Cogent is seeing its efforts to alleviate traffic congestion with AT&T (NYSE: T) and Verizon (NYSE: VZ) finally paying off with these networks becoming nearly free of any issues.
Speaking to investors during the Deutsche Bank 23rd Annual Leveraged Finance Conference, Dave Schaeffer, CEO of Cogent, said that the FCC's adoption of net neutrality rules that include Title II regulation, and passage of similar rules in the European Union, have led to ports on other networks becoming unclogged.
"The adoption of the Open Internet order and Title II jurisdictional authority were mirrored in the EU and on June 30 the European Commission adopted a set of regulations that were passed by the parliament and the council," Schaeffer said. "As a result of that we have seen significant port augmentations."
In particular, the service provider has seen its connections to Comcast become uncongested, while it continues to add capacity to AT&T and Verizon where it has signed agreements.
Cogent signed new interconnection agreements with AT&T and Verizon just as the FCC's new net neutrality went into effect. Like the pact Level 3 made with Verizon, the two companies can add capacity and establish new interconnection locations between their networks.
Schaeffer said AT&T and Verizon "are nearly congestion free and will be completely congestion free sometime in the fourth quarter."
Additionally, Cogent is conducting negotiations with Time Warner Cable, CenturyLink and a host of international providers such as Orange, Telefonica, and Deutsche Telekom.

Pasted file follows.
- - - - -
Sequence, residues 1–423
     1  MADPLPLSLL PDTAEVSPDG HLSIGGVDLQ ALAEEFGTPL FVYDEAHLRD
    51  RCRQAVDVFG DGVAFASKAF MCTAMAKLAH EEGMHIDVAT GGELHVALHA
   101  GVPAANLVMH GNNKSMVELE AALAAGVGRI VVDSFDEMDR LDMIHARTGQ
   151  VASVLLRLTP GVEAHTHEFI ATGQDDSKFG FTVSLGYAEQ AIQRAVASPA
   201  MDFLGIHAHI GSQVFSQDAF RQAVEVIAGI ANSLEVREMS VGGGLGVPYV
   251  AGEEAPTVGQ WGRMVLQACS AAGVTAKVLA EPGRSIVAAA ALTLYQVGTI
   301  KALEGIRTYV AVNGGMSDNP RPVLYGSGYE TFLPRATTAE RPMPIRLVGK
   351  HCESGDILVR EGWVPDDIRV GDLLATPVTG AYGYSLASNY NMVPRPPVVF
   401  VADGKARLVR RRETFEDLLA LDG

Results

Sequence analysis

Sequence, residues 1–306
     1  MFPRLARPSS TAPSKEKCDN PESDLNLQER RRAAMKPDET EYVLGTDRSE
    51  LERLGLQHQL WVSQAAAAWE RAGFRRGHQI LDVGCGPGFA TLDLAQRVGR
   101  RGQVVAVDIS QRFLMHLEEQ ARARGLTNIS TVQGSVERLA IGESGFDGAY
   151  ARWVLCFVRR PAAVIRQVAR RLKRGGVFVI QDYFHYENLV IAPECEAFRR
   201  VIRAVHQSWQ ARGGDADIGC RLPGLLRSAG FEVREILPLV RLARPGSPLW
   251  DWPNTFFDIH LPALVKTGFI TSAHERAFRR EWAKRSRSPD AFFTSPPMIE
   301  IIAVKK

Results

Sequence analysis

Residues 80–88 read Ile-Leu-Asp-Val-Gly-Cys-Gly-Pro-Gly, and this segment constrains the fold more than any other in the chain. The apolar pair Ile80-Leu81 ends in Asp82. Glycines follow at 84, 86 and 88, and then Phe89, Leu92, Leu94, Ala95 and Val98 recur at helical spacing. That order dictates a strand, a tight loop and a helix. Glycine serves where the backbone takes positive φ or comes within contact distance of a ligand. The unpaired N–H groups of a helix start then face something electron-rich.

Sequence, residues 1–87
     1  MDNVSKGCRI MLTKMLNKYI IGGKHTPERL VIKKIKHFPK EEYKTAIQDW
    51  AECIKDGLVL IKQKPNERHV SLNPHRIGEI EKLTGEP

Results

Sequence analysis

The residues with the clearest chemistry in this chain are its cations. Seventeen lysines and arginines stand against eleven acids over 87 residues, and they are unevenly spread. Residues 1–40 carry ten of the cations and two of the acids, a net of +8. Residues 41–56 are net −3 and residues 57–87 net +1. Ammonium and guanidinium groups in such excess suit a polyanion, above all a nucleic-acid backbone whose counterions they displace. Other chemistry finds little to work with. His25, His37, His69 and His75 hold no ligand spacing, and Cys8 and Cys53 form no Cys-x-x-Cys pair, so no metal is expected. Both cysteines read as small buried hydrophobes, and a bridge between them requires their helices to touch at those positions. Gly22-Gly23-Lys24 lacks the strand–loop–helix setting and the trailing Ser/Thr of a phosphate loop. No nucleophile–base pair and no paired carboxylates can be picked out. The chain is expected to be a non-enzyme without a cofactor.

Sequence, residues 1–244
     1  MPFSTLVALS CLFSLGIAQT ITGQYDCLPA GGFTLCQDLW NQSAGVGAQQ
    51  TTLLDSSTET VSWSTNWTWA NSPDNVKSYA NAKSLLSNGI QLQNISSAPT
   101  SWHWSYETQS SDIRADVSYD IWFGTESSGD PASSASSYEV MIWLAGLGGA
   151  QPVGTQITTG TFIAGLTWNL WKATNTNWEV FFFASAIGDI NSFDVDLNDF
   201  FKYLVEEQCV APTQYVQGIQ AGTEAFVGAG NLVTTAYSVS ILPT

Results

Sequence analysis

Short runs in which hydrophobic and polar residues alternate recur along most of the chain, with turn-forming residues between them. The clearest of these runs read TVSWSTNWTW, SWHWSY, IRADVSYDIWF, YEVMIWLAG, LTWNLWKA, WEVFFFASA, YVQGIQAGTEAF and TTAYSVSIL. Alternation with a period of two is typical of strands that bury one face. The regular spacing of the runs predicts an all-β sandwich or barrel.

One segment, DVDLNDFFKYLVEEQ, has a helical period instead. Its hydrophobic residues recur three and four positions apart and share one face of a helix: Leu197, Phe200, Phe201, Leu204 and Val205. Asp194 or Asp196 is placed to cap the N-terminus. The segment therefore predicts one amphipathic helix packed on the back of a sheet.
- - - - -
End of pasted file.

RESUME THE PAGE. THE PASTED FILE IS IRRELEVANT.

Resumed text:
"We are in active negotiations with Time Warner Cable and CenturyLink and we believe we will get deals done based on the threat of litigation under the current regulatory rules," Schaeffer said. "We have seen progress with Telefonica, Orange and even are in negotiations with DT so we hope that issues will subside."
Besides completing negotiations for peering arrangements, Cogent is also making new investments into its network centric sales force like it did on the business services side.
When it completes that process, the company expects its net centric growth rate to reaccelerate from 3 percent in the second quarter back to about 10 percent.
The company suffered a small set back when Ernie Ortega, chief revenue officer and VP of global sales, announced late last month he would leave the company due to a disagreement with Schaeffer over strategy and sales force compensation.
Schaeffer said that while Ortega helped scale the sales organization, his vision for the net centric side was not in line with where the company wanted to go.
"Two and a half years ago, we brought Ernie in as a new sales leader and he helped us scale the organization and implemented a number of very successful initiatives that have resulted in lower turnover and better productivity out of those sales people," Schaeffer said. "As we began to make those changes on the net centric side, Ernie and the company had a different point of view on the cost of what those reps would be and ultimately we concluded we needed to bring someone else in to help us on that side."
Schaeffer added that "it is not an indication of any issues and we absolutely will be back in the double digit growth in 2015 versus 2014."
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